The firstgraders in Jennifer Lamb’s Seltice Elementary class don’t know a lot about Martin Luther King Jr.
But they understand his message.
“When everybody’s the same, it’s totally boring,” says a reflective 7-year-old, Zach Hamilton.
He stares at a picture in a textbook the size of a desktop. It shows a city scene with every car, building, street and person the same color.
“It’s good that we’re all different.”
Young Zach has grasped a message that, according to teachers, sometimes is tough to get across in a region where cultural and ethnic diversity are lacking. Lamb’s class spent the last two weeks learning that not everyone has white skin and speaks English.
“It’s easy for us to say we accept people with different skin colors,” Lamb said, keeping an eye on her students. “But the reality is we don’t have a lot of diversity. And we live in an area where kids are hearing things at home. … There are people who don’t want multicultured teachings at all.”
That’s not the case in Lamb’s class, however; she says parents generally applaud exercises such as the “skin experiment.” Students sit face to face, holding their fists together to compare skin colors, seeing subtle but clear differences.
The youngsters also make “paper doll people” using red, brown, yellow, black and white paper. And they sing short phrases in French and German, not just English.
However difficult to deliver, the message is simple. And after a time, it’s so clearly understood that Lamb’s first-graders put their knowledge to song at a North Idaho College human relations rally attended by about 1,200 students last week.
“We are different, different as can be,” the children sang. “I don’t look like you, you don’t look like me.”
Tony Stewart, president of the Kootenai County Task Force on Human Relations, says the concepts so readily understood by children are just as easily lost on adults. The task force is known nationally as a model for grass-roots efforts to combat prejudice and bigotry.
“When you watch the children, you really can see that the message is getting through,” Stewart says.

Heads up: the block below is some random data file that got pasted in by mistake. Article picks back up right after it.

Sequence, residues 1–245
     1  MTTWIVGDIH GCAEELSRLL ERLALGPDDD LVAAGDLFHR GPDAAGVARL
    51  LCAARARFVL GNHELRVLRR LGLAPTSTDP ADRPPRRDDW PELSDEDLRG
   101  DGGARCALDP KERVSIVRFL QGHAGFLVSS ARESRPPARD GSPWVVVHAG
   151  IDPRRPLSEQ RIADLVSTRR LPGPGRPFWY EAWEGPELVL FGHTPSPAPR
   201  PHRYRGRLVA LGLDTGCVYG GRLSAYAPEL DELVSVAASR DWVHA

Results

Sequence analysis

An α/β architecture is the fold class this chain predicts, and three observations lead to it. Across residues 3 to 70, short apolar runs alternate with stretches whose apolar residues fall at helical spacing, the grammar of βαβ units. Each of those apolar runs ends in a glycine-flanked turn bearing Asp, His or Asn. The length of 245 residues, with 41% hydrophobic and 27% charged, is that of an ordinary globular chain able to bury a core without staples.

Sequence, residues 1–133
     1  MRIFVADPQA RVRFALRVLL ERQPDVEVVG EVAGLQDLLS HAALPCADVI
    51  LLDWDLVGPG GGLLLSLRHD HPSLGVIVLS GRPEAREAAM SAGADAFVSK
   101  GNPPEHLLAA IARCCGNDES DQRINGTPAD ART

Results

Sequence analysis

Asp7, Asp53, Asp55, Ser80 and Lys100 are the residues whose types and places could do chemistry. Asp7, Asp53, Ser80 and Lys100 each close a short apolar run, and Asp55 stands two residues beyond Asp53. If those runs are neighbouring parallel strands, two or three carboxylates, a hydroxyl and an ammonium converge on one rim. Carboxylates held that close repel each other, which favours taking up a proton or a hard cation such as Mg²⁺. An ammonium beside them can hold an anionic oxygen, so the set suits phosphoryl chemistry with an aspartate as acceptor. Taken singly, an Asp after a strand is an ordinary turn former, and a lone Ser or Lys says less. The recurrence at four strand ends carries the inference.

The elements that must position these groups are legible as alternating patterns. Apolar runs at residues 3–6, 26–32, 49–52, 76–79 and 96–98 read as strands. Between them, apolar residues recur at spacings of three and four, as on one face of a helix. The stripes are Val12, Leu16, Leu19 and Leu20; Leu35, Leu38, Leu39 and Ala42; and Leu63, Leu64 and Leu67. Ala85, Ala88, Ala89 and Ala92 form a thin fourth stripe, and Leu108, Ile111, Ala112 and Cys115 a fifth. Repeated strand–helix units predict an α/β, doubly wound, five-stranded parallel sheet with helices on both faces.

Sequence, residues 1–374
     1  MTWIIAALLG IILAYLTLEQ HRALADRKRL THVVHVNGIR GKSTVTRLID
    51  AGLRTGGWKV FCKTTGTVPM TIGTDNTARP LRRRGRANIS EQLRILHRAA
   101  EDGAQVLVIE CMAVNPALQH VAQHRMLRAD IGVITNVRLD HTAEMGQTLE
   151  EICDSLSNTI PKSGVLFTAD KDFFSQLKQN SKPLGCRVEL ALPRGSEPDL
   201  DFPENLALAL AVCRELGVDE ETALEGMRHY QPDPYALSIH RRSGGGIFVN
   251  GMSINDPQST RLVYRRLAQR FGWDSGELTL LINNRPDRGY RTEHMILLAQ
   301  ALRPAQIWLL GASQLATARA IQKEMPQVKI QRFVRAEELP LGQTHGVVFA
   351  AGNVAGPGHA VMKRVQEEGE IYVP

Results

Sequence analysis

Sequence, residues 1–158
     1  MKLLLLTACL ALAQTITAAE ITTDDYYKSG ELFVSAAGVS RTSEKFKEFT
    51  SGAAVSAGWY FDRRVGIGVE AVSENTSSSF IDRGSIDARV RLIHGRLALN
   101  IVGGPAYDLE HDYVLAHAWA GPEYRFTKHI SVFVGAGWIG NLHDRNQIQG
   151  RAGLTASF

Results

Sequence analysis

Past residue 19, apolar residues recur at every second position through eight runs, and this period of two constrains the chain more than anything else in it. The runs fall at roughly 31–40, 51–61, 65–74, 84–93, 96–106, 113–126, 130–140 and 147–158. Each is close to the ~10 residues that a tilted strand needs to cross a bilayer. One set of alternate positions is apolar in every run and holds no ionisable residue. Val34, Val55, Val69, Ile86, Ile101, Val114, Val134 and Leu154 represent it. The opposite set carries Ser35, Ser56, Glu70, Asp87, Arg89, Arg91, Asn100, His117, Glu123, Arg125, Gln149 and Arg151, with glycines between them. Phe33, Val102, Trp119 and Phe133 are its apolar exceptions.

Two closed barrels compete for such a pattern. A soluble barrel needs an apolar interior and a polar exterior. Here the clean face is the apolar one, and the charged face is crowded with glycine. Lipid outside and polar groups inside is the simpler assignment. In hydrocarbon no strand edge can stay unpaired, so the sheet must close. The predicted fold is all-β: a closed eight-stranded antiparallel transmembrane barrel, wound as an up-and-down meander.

“If we’re ever going to live together in harmony, I know it’ll happen because of education.”
The shelter of the classroom, however, is short-lived. Even as Lamb’s students prepared to sing at NIC, members of the white supremacist Aryan Nations handed out literature to adults outside Boswell Hall.
Perhaps because of such organizations, the region still struggles to outrun the shadow of national media coverage, whose critical eye frequently focuses on hate groups and separatists who settle in the Panhandle. Just last week, the New York Times painted Idaho as “virtually all white, … one of the most attractive destinations for whites in flight.”
The relative absence of racial and ethnic minorities in North Idaho creates challenges for teachers. When Betty Fredricksen exposes her Sandpoint first-graders to different ethnic groups through literature or guest speakers, it’s often the first time the children have considered cultures other than their own.
“You have to teach (diversity) differently in North Idaho because the (numbers of) minorities are so low,” said Fredricksen, herself a Native American.
“You have to dig deeper and try harder to expose the children to different things.”
Fredricksen has invited Native American groups to the classroom. She also believes children absorb much about other cultures simply by reading literature from someplace other than the United States.
A.C. Woolnough, principal at Sandpoint High School, remembers his days at a Sacramento (Calif.) middle school where students lived with “19 religions and kids from 27 countries.” He agrees that North Idaho’s lack of ethnic diversity requires creativity by teachers and parents. Just as practicing science is better than merely reading science textbooks, so goes instruction in diversity.
“But we have just as wide a range of opinions in this area as anywhere else,” Woolnough said. “We have parents on the (local) human rights task force and parents who support the Militia of Montana.
He noted that separatists recently handed out literature in Sandpoint, as in Coeur d’Alene, that called for abolition of the King holiday.
“So the diversity is here. … It’s just of a different nature.”
Therein lies another challenge: Students must learn that the Aryan Nations members handing out literature at NIC last week have just as much right to their views, however unconventional, as anyone else does.
Consequently, back in Post Falls, Zach Hamilton and his classmates are not learning that certain opinions are right, others wrong. Lamb leaves that teaching to her students’ parents, she says.
“I want my kids to leave the classroom reading and writing,” she says. “But I also want their selfesteem intact. … I want them to be able to get along with other people.”
Zach Hamilton’s song ends much as it begins:
“… every difference makes it all more fun. ‘Cause different means special, we’re special, everyone.”
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